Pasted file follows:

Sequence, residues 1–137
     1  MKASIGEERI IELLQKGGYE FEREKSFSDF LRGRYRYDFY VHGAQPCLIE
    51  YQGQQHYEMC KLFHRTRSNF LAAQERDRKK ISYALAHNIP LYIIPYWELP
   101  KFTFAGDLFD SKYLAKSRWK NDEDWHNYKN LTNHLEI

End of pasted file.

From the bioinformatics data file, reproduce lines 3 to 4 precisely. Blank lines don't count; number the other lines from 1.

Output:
    51  YQGQQHYEMC KLFHRTRSNF LAAQERDRKK ISYALAHNIP LYIIPYWELP
   101  KFTFAGDLFD SKYLAKSRWK NDEDWHNYKN LTNHLEI